Sunday, August 24, 2014

Short Rows Videos

Sometimes watching something in action makes it so much easier to understand than trying to figure it out from still pictures, or better yet, trying it out while watching the video.

This video demonstrates how to do the gusset, and wrap & turn.

This one shows how to pick up the wraps.

There are a few different ways to do these, so I'm showing what has worked for me.

Wednesday, April 9, 2014

Introducing Knitting How to Videos

I'm starting a collection of how to videos on my website and I'm excited to announce that I have two videos up!  Do you have a favorite cast on or bind off for socks?  These are my favorites.

Judy's Magic Cast On

Jeny's Surprisingly Stretchy Bind Off

In these videos I'm making a basic men's sock.  I will be posting the pattern soon!

Friday, January 31, 2014

Finished Object: A Sweater

As I was finishing this sweater, my kiddo kept saying "I like your sweater Mom".  She was so happy when I gave it to her!  It's a little big on her, but this way it will last a while.  This sweater pattern lets you make it almost any size, you just have to do some math.  The pattern has you measure a sweater that fits and you fill out a chart that guides you through the math to get to how many stitches to cast on, how to place the center pattern, etc.

Thursday, January 30, 2014

Braving Steeks

This sweater project is the first time I have done steeks.  Steeks are scary.  Who would want to cut their knitting!?  There are some lovely patterns that use steeks though, so I think they are worth it to overcome that fear.  Plus you can check that box on your knitting accomplishments list!

This sweater has steeks at the armholes and in the front for the neckline.  The most important thing is preparation.  After you have your pieces knit, block them.  You want the fibers to relax and stick to each other a little.

Use a contrasting color to out line the steek, pierce the stitches as you go (like a split stitch) to lock them in place.  The outline will not show, use any color you like.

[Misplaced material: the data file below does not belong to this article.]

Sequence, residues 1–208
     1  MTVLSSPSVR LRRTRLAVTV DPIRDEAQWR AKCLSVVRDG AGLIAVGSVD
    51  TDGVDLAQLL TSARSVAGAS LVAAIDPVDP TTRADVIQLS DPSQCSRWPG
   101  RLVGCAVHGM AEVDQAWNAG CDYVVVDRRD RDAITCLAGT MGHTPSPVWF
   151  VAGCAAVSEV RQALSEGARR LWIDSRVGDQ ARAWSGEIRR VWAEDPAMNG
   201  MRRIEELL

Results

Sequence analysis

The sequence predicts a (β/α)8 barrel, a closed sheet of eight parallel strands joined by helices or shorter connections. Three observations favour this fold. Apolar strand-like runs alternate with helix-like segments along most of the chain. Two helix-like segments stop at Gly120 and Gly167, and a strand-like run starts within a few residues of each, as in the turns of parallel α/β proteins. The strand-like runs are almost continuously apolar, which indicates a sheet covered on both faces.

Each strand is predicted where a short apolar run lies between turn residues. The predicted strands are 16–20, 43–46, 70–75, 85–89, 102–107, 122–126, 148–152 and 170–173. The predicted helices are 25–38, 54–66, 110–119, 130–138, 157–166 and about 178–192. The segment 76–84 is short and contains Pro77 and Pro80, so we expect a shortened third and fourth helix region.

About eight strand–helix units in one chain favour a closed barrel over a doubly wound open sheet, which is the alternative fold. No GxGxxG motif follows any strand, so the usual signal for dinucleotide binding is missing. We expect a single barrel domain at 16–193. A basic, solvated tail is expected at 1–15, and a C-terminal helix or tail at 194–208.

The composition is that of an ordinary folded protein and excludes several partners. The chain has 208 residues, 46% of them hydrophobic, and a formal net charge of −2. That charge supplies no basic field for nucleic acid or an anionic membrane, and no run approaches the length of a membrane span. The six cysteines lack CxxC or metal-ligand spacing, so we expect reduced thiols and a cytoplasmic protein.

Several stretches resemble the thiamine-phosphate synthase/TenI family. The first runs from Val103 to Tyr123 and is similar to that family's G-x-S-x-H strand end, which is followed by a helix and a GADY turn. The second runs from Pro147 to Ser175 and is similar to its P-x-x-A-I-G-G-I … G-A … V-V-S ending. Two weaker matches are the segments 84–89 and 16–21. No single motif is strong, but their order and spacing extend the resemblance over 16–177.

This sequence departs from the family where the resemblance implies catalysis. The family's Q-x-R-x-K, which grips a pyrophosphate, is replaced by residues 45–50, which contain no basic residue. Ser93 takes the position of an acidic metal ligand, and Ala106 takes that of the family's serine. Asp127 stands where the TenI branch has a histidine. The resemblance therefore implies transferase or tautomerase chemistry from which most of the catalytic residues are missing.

Use a sewing maching to trace over your outlined steek.  The pattern didn't call for this so when I started picking up stitches for the sleeve, I had a few threads coming loose and immediately got out the sewing machine.  Go over your outline several times.  In this picture you can see the sewing stitches and that I've cut the neckline steek!

After that it's not that bad.  Pick up stitches for the arms, and you're on to the next step in the pattern.

 Here I've cut the arm hole steek, and am ready to pick up stitches.
Here the sweaters right arm is complete, on to the left.

I don't love steeks, but they aren't something to be dreaded either.  For writing a pattern I think I would make arm holes in the pattern, but steeks would not stop me from knitting a pattern I liked.

Wednesday, January 1, 2014

Large Gauge Cowl

My sister asked me to knit her a cowl/scarf.  You know people take your knitting skillz seriously when they ask you to make things they want to wear, you know, in public.  The cowl/scarf she had in mind was very large gauge, and long, long enough to be wrapped around three or four times.

We picked out yarn together and I was left to figure out how to make it.  The gauge is big, bigger than any of my needles.  My first thought was to use my biggest needles and an elongated stitch.  That would have worked, but I knew there was an easier way.  Her friend said she used her arms to make a similar scarf.  It sounded easy enough.  The tricky part is that you can't turn your "needle" when you get to the end of the row.  You have to knit backwards, mirroring what you normally do.  This scarf is 12 stitches wide and uses 2 skeins of Knit Picks Swish Bulky, with 2 strands held together.  To finish it off, I first tried a giant Kitchener stitch, which did not turn out that even, so I crocheted the ends together.  Before being looped, this scarf is about 8 feet long, but was a fun and very quick knit.

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